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S. Wu, E. Hu, S. Bhattacharyya, S.A. Bloomfield; Relationship Between Amacrine-Ganglion Cell Coupling and Concerted Spike Activity of Ganglion Cells . Invest. Ophthalmol. Vis. Sci. 2003;44(13):5196.
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© ARVO (1962-2015); The Authors (2016-present)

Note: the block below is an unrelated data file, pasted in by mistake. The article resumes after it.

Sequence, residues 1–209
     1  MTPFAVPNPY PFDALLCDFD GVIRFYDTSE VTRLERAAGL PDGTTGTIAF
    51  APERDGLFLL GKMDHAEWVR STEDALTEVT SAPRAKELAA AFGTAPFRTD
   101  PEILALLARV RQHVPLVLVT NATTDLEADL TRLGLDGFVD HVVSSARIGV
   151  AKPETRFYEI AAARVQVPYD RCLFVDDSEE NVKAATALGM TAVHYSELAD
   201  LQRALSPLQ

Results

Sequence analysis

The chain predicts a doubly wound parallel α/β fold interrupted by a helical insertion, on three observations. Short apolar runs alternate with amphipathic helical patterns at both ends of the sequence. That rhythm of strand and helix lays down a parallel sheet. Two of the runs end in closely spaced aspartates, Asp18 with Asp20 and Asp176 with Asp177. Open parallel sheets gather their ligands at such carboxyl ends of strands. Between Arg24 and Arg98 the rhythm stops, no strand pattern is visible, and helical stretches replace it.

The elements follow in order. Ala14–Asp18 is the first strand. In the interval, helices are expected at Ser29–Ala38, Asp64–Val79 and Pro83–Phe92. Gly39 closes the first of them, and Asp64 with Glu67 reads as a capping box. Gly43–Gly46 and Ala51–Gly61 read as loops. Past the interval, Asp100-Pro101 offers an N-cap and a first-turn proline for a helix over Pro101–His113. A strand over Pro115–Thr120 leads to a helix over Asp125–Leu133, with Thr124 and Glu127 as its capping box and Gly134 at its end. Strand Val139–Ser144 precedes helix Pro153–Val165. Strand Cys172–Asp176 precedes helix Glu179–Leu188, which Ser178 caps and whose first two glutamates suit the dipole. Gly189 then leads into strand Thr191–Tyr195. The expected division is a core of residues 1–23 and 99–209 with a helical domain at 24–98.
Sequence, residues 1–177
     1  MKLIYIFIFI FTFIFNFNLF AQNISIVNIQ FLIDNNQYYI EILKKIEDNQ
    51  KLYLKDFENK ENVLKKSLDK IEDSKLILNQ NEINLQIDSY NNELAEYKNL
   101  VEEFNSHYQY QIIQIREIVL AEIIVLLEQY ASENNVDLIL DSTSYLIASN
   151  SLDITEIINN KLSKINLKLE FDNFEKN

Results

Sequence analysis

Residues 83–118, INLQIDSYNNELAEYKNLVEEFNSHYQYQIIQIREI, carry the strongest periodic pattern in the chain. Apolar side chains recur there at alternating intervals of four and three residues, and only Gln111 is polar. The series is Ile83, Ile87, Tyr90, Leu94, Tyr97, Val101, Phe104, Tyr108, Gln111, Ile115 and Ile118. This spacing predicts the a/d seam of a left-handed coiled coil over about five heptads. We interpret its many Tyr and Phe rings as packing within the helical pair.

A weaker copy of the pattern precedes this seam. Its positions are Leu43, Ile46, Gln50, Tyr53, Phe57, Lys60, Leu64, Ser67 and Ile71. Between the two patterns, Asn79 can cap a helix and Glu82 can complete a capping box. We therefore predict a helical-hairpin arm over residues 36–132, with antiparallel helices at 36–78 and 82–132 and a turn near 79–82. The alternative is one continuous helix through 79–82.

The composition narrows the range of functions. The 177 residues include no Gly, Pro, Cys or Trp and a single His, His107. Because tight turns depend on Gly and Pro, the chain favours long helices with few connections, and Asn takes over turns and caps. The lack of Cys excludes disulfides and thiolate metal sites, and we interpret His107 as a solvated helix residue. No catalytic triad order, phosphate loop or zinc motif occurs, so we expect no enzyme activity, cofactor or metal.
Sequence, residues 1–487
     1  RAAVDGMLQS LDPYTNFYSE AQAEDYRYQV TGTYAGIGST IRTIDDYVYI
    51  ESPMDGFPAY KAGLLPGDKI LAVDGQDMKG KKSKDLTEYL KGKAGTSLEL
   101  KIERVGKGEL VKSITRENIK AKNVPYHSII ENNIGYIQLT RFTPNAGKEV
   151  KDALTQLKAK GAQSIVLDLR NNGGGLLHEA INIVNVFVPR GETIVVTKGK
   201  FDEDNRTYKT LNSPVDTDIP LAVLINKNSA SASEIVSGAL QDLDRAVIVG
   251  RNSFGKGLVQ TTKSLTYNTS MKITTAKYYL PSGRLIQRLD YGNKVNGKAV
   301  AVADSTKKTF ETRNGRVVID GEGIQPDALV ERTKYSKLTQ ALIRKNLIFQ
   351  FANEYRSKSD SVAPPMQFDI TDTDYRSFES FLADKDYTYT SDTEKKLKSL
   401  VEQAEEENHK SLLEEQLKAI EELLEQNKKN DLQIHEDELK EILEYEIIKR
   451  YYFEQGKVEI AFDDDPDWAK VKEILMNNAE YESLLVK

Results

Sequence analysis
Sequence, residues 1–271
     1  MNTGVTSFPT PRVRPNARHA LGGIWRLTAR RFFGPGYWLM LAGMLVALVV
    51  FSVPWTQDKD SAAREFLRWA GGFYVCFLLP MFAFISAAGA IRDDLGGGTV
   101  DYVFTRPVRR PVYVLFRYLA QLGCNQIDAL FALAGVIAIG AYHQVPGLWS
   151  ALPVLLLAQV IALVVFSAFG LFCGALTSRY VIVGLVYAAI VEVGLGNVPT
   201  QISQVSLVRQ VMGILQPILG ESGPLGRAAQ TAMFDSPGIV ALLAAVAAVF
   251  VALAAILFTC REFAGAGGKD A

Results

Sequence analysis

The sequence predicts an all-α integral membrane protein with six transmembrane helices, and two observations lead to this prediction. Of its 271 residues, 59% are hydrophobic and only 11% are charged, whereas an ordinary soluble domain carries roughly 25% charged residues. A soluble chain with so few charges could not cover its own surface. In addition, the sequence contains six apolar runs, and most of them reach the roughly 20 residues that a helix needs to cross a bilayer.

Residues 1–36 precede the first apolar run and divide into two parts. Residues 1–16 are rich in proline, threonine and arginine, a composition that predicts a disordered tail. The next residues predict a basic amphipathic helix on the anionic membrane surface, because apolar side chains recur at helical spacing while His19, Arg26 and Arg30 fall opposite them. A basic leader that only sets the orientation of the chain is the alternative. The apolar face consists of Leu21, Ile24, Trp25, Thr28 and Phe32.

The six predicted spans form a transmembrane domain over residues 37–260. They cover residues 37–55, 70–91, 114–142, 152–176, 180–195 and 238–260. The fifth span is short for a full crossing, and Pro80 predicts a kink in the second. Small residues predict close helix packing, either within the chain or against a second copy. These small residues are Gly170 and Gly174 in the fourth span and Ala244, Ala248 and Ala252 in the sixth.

Purpose: To determine the role of amacrine-ganglion cell coupling in the concerted spike activity of ganglion cells in the rabbit retina. Methods: Dual, simultaneous extracellular recordings were obtained from ganglion cells visualized with transcleral infrared illumination in a flattened retinal-scleral preparation of the rabbit. Cells were subsequently injected intracellularly with Neurobiotin for morphological identification. Results: We showed previously that off-center alpha ganglion cells are tracer coupled to neighboring alpha cells as well as to at least 2 classes of amacrine cell, whereas on-center alpha cells are uncoupled. Further, off-center alpha cells show concerted activity consisting of two peaks in the cross-correlogram with latencies of 2.5 msec, whereas on-center alpha cells show no correlation of spontaneous activity and a broad (50 msec) light-evoked cross-correlogram with a single peak at time zero. These data suggest that the dual peaks in the cross-correlogram of off-center alpha cells reflect reciprocal innervation via electrical coupling. However, the exact role played by ganglion-ganglion or ganglion-amacrine coupling in alpha cell spike synchrony remains unclear. To more clearly define the role of amacrine-ganglion cell coupling in the synchronous activity of neighboring ganglion cells, we studied the concerted firing of a unique class of on-center ganglion cell which shows heterologous coupling to wide-field amacrine cells, but no homologous coupling. These cells appear to fall into the morphological delta cell class and they showed physiological properties identifying them as on-center direction selective (DS) ganglion cells. These cells showed a very transient response to full-field illumination and were keenly sensitive to the direction of slowly moving stimuli. Cross-correlograms of both light-evoked and spontaneous spike activity showed a single peak at time zero and an intermediate width of 15-20 msec. Conclusions: Our results suggest that amacrine-ganglion cell coupling underlies the concerted spiking of neighboring on-center DS ganglion cells, but this synchrony is distinct from that of alpha cells. In this scheme, excitation from amacrine cells arriving via gap junctions appears to synchronize both the spontaneous and light-evoked activity of postsynaptic DS ganglion cells. Our results also suggest that reciprocal correlations found for off-center alpha cells reflect ganglion-ganglion cell coupling.
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